“He says, `I’m not getting on the plane and going to New York until I know something from the Colts. I’m not playing that game.’ He asks me to call the Colts.”
Peyton shouldn’t have been surprised when Archie replies, `Peyton, that’s not what I do.’ ” Yet Peyton did persuade his dad to call then-Colts’ coach Jim Mora, and Archie did it because Mora was a close friend.
The Colts eventually told Peyton the day before the draft that he was their man, and there was a happy ending.
In the days leading to Eli’s draft in ’04, Eli, Ole Miss' All-SEC QB, publicly said that he didn’t want to play for San Diego, which held the top pick. During a DirecTV promotional event (one of Peyton’s endorsements) in New York two days before the draft, Archie had to answer question after question about Eli’s stance.
“Everybody was grilling me,” Archie says. “I told myself, `I’m his father. I can get through this.’ The next day, Eli had to appear. I told him, `Eli, I’ve done my part. You can answer the questions today.’ ”
Eli and Eli’s agent Tom Condon had previously asked Archie to make some fact-finding calls about the state of the San Diego franchise. Just before draft week, then-NFL commissioner Paul Tagliabue asked Archie to talk to the Chargers. The Chargers invited Archie to visit, which he did and later regretted.
From all of that, some media began lambasting Archie, portraying him as a meddling Little League father.
But anybody who has ever coached a Manning, as well as the three Manning sons themselves, have attested to me through the years that Archie has always been the complete opposite of an overbearing parent.
“Dad always sat in the top row when we played in high school,” Peyton told me a few years ago. “He never yelled at a referee. There’s no question that he had more football knowledge than all the coaches I had in high school, but he never second-guessed playcalling. He enjoyed watching his sons play.”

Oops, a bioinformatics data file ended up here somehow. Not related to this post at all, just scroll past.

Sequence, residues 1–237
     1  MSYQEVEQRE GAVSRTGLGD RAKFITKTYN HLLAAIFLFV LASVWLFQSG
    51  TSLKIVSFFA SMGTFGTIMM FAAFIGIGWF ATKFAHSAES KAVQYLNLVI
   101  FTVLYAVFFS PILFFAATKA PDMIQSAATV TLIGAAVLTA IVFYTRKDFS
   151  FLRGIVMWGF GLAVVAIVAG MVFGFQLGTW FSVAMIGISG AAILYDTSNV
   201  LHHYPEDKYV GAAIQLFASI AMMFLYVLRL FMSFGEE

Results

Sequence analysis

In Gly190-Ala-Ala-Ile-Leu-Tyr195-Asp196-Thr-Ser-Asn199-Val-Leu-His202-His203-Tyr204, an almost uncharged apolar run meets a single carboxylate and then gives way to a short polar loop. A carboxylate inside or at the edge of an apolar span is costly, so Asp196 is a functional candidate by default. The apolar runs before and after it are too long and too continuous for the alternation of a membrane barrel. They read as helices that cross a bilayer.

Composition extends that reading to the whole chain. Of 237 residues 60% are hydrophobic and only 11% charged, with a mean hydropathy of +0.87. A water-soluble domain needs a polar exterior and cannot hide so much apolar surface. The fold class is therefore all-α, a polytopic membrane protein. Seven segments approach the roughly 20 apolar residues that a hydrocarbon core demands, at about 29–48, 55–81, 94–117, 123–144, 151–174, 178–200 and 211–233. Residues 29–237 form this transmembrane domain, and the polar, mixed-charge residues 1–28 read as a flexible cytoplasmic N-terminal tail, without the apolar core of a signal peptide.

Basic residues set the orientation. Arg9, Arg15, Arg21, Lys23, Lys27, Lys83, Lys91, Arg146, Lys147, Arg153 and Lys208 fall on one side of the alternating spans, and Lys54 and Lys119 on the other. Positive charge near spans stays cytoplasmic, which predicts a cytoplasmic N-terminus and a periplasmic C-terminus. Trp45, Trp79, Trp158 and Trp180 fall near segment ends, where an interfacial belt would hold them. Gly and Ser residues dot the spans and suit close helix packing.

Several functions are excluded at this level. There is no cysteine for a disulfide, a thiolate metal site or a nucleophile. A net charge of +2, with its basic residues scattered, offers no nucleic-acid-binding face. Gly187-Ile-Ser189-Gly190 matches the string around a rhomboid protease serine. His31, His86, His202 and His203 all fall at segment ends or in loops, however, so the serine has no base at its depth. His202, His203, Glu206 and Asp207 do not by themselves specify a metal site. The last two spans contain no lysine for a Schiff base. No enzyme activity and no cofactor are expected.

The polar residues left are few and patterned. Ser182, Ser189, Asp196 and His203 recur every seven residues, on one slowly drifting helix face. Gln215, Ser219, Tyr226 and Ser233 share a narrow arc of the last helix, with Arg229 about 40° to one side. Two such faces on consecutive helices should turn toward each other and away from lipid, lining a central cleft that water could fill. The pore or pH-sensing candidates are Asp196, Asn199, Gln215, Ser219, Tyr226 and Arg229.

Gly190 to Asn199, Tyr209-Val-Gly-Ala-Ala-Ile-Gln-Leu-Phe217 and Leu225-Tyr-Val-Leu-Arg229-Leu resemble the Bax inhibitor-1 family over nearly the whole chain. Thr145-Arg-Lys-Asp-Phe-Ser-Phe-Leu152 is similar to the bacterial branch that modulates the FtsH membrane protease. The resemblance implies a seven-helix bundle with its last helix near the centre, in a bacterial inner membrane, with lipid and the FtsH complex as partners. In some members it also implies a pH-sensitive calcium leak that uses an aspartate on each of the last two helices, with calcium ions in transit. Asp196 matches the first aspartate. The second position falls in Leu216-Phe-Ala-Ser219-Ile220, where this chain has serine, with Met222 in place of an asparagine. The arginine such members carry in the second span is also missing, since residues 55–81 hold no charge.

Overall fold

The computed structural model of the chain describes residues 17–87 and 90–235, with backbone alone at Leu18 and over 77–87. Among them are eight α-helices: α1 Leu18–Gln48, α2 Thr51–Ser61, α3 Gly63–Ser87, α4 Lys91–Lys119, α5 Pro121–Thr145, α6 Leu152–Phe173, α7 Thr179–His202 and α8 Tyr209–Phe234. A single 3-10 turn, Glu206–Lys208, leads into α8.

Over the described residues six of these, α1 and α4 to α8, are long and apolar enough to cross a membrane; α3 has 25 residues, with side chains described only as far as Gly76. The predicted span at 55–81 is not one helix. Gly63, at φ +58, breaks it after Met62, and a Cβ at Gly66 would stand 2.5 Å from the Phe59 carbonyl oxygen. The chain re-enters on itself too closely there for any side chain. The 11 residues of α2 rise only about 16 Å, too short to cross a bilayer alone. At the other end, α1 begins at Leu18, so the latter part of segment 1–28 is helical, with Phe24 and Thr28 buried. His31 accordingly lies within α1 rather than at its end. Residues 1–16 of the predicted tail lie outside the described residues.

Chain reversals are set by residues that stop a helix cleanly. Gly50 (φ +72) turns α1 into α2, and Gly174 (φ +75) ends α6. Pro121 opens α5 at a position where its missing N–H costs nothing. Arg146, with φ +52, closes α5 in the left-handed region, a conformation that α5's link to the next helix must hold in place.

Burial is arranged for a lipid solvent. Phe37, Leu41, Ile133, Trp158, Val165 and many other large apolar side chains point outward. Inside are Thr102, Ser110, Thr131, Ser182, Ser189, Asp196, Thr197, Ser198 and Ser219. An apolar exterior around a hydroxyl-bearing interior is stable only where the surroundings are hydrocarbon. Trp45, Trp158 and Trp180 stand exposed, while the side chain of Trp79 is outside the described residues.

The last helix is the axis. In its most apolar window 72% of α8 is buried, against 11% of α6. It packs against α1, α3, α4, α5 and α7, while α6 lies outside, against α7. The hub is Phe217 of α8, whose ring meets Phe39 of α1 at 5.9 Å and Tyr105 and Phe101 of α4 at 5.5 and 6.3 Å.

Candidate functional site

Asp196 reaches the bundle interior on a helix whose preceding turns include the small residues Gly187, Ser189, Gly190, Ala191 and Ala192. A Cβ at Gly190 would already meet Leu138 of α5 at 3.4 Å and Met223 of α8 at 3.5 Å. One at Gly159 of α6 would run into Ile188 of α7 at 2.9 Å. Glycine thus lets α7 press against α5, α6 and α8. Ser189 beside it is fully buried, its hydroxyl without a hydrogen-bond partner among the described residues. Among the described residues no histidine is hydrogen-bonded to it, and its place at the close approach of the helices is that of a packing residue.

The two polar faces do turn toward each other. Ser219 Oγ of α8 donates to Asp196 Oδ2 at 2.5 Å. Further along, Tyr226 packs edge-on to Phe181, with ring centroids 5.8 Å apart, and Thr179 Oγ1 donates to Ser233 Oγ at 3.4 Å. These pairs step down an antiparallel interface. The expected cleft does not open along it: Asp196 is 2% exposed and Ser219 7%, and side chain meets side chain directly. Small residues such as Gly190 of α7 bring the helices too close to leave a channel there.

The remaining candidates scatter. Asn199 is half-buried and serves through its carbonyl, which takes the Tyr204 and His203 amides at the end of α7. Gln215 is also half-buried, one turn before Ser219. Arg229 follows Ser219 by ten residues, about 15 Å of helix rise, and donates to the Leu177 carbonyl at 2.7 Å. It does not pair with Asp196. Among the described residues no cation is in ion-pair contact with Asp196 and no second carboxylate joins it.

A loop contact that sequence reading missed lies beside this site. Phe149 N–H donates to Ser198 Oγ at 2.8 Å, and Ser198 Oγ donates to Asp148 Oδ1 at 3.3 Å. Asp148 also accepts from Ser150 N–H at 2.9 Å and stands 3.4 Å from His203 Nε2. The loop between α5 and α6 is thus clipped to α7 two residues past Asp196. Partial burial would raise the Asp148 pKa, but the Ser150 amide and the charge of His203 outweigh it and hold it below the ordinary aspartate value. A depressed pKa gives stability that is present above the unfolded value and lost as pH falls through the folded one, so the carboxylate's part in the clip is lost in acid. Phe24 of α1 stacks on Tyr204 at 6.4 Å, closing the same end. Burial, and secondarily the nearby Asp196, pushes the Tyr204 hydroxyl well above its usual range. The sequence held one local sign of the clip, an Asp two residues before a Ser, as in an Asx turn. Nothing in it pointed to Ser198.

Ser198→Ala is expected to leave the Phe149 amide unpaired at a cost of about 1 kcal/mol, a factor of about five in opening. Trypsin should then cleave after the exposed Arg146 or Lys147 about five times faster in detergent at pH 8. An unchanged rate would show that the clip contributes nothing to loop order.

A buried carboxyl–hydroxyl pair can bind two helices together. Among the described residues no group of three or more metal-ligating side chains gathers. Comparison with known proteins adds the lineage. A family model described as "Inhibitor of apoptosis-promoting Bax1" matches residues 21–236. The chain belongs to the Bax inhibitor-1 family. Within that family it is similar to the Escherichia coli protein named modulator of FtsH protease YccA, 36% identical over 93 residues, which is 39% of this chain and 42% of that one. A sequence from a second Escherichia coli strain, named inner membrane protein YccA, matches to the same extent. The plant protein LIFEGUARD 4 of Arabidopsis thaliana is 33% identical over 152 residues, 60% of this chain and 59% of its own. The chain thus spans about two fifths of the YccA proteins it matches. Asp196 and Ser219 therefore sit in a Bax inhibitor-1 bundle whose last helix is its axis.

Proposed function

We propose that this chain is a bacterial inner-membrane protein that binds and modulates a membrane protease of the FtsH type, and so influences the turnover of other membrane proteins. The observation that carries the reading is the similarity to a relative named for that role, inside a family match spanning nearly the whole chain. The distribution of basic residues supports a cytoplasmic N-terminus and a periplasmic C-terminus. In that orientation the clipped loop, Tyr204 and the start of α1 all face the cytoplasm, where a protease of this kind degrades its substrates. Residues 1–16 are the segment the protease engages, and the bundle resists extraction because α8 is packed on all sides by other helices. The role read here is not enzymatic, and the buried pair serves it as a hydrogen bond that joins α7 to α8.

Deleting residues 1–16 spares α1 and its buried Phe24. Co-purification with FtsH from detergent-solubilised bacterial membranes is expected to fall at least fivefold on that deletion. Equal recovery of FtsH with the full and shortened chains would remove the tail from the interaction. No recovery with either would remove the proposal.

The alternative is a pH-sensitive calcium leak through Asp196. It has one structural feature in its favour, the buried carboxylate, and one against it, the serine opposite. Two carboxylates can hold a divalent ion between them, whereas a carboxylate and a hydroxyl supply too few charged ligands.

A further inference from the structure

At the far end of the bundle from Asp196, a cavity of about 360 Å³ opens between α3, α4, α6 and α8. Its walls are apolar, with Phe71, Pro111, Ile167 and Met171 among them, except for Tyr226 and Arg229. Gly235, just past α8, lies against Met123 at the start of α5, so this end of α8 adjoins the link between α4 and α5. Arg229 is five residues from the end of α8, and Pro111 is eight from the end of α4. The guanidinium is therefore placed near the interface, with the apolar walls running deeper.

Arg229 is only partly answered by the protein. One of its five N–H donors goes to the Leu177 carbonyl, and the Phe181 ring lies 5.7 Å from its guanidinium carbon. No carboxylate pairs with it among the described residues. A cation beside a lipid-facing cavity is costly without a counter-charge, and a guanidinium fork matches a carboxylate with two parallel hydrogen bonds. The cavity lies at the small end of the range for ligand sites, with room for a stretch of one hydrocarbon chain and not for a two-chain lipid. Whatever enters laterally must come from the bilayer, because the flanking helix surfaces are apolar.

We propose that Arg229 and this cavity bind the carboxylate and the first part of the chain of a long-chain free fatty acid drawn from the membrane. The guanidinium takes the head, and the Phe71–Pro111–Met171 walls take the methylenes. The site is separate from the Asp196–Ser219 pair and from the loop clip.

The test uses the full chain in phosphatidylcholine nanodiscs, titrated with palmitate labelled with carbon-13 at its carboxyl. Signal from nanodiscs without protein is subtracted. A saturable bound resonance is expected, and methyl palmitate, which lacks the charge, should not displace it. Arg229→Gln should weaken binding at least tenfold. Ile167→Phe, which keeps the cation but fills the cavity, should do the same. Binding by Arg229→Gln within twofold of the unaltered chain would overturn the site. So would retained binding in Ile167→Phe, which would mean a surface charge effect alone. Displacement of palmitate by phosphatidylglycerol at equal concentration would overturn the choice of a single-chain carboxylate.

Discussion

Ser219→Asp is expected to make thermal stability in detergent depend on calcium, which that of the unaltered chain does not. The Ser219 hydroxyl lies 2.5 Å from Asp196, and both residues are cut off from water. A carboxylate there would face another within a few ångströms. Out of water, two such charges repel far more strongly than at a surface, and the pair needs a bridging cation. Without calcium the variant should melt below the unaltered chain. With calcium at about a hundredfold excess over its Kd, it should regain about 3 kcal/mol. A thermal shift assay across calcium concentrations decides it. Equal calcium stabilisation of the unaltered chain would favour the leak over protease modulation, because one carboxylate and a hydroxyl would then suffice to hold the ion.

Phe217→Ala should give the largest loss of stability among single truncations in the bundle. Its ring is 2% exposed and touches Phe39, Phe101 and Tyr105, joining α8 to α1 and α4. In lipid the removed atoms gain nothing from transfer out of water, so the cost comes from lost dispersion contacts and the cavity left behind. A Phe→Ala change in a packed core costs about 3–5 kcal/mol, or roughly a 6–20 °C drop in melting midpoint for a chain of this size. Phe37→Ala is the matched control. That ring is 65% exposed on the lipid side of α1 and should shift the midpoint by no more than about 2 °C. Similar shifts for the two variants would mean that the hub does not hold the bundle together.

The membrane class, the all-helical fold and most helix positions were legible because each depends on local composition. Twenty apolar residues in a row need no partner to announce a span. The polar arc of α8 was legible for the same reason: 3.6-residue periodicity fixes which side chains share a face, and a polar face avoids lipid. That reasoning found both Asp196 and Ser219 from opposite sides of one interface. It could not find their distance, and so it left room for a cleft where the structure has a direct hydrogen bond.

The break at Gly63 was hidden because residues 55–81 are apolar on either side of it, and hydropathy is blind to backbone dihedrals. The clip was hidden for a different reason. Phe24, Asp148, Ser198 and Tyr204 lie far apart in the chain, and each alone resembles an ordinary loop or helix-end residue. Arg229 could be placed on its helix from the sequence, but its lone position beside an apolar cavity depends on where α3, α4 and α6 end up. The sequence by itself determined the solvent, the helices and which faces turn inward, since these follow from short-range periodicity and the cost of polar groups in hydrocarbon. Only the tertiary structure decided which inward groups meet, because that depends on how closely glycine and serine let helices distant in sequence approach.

Archie also never prodded them to play.
“The only thing he ever said was, `If you go out for a team, if you start something, you’re not allowed to quit,’ ” said oldest Manning brother Cooper, whose athletic career ended after high school because of a narrowing of his spinal cord.
“He’d say, `If you want to play college football, I can tell you what it takes to get there. It takes being the first one at practice, the last one to leave and a lot of time in between. But I’m not going to get you out of bed to workout or run. That’s up to you.’ ”
Eli told me because Archie had such storied college and pro careers that he never had to the urge to push his sons.
“You see a lot of dads live their football careers through their sons,” Eli said. “My dad already lived out his football career. He never forced us to do anything, but he’s always done what we asked. If we asked him to go outside and catch 20 passes, he’d do it in a heartbeat.”
Duke coach David Cutcliffe, who coached Peyton as Tennessee’s offensive coordinator and Eli as Ole Miss’ head coach, said he learned quickly that Archie was a hands-off father.
“After we signed Peyton, I went to his house in New Orleans to give him a playbook so he could get a headstart learning it,” Cutcliffe told me. “I’m going over plays and I look over at Archie. He’s asleep in his chair, taking a little nap.
“Through the years, I learned parental lessons from Archie. He always supported his kids through the tough times, and through the good times he was there to keep their feet on the ground.”
Archie knows there will be many nervous parents the next few days. They’ve seen their sons chase the NFL dream for a long time, and the day is finally at hand.
“It’s all pretty amazing,” says an amazing man, the Patriarch of the First Family of SEC football.